Search - Dogma on DVD

Actors: Ben Affleck, Matt Damon, Linda Fiorentino, Bud Cort, Barret Hackney
Director: Kevin Smith
Genres: Action & Adventure, Comedy, Science Fiction & Fantasy
R     2002     2hr 10min

When two banished angels find a loophole that will allow them back into heaven at the cost of humankind an unsuspecting mortal woman two prophets and the thirteenth apostle are the only ones who can stop them. Special feat...  more »


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Movie Details

Actors: Ben Affleck, Matt Damon, Linda Fiorentino, Bud Cort, Barret Hackney
Director: Kevin Smith
Creators: Robert D. Yeoman, Kevin Smith, Scott Mosier, Jonathan Gordon, Laura Greenlee
Genres: Action & Adventure, Comedy, Science Fiction & Fantasy
Sub-Genres: Action & Adventure, Kevin Smith, Science Fiction & Fantasy
Studio: Sony Pictures
Format: DVD - Color,Full Screen - Closed-captioned
DVD Release Date: 12/03/2002
Original Release Date: 01/01/1999
Theatrical Release Date: 00/00/1999
Release Year: 2002
Run Time: 2hr 10min
Screens: Color,Full Screen
Number of Discs: 1
SwapaDVD Credits: 1
Total Copies: 0
Members Wishing: 5
MPAA Rating: R (Restricted)
Languages: English, French

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Member Movie Reviews

Reviewed on 10/10/2019...
This was a surprise Kevin Smith flick running the lines of Jay and Silent Bob. Smith has a wide variety of movies these days that brings you a different unexpected plotline. Tons of well know actors and actresses in this. A must for Jay and Silent Bob and Kevin Smith fans!
Allen R. from MARYLAND, NY
Reviewed on 6/29/2016...
A Classic!
1 of 2 member(s) found this review helpful.
Jeffrey W. (JNYC) from NEW YORK, NY
Reviewed on 10/6/2011...
It's great to see a young(er) Matt Damon and Ben Affleck together lol. Chris Rock, Alan Rickman and Salma Hayek too. Good times.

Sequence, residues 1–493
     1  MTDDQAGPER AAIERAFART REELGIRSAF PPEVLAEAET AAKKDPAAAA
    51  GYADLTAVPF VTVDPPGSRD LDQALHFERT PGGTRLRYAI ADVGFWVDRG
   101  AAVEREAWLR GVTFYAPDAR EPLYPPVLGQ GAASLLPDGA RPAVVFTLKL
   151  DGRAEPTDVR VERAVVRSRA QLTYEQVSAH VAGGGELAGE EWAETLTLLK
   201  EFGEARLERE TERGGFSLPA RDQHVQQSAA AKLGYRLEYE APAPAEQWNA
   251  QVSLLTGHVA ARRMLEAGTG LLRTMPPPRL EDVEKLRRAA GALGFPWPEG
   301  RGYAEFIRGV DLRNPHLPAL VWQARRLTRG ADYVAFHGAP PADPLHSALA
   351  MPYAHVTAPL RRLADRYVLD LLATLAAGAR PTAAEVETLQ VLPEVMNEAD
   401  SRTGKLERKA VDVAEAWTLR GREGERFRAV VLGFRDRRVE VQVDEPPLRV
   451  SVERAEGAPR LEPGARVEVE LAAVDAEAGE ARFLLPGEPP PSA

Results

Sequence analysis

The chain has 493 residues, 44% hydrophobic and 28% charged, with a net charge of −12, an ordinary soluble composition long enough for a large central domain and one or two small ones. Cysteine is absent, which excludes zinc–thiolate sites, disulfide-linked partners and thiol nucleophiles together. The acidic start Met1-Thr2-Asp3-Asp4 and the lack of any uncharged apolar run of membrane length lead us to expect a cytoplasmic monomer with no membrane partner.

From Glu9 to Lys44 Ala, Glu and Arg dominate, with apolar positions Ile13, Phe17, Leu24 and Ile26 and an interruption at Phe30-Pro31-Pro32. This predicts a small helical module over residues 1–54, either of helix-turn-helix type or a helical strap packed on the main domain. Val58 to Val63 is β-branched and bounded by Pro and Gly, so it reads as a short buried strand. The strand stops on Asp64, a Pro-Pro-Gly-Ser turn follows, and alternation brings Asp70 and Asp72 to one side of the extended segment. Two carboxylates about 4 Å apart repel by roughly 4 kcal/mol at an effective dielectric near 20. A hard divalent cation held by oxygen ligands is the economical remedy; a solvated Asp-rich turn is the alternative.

2 of 6 member(s) found this review helpful.
Samantha B. (brown0187) from WASILLA, AK
Reviewed on 6/1/2010...
I loved this movie because its about questioning the rules and constraints religions put upon faith and spirituality. Granted Kevin Smith throws in his poop jokes and other things in too. I enjoyed this movie because it encourages people to ask questions about their religion, but doesnt say there is no God or anything like that. For those who gave this movie 1 star, loosen up.
4 of 4 member(s) found this review helpful.

Movie Reviews

Life, the universe, and everything
William Sommerwerck | Renton, WA USA | 10/10/2010
(5 out of 5 stars)

"It's difficult to write a perceptive review when you're not sure what the film maker's intentions are. It's self-evident that the script is (as Kevin Smith says) "the product of 28 years of religious and spiritual meditation". You don't knock out such a complex piece of writing in a couple of weekends. But as for the why...

Smith has multiple targets, one of which is the "cutesying" of religion, as shown in the "Catholicism WOW!" campaign and the "Buddy Jesus" statue. (Not to mention the idea that the church has to adjust to human needs, rather than human beings doing what God requires of them.) He's also poking fun at religious dogma, which can include ridiculous and self-contradictory beliefs (such as those that drive "Dogma"s plot).

The issue that Smith only briefly addresses, and skips over the answer to, but which is at the heart of all arguments over God and His/Her/Its relationship to mankind is... Why would infinite eternal Spirit create a finite temporal universe, subject to change and corruption? It is the patently self-contradictory belief that the material universe is God's creation that leads to the mental and moral confusion about why we're here (we aren't) and what we're supposed to do about it (grow out it). The simple answer to The Problem of Being is that, if God is infinite, then there is no room for anything unlike God.

There's no question that "Dogma" is a broad attack on organized -- and therefore materialistic -- religion, so no sincerely spiritual person could -- or should -- be offended by it. Organized religion doesn't need Kevin Smith to attack it -- to any reasonably thoughtful person, it's its own worst enemy. I am, however, offended by the almost-continual flow of vulgar language. Less -- much less -- would be more, and more-effective.

Smith has done a good job of converting a philosophical essay into a watchable film. It sags at spots (particularly at the end), and Smith's direction could be a bit more focused and "stylish", but it's great that a film actually has something to say -- even if it isn't always clear what that something is."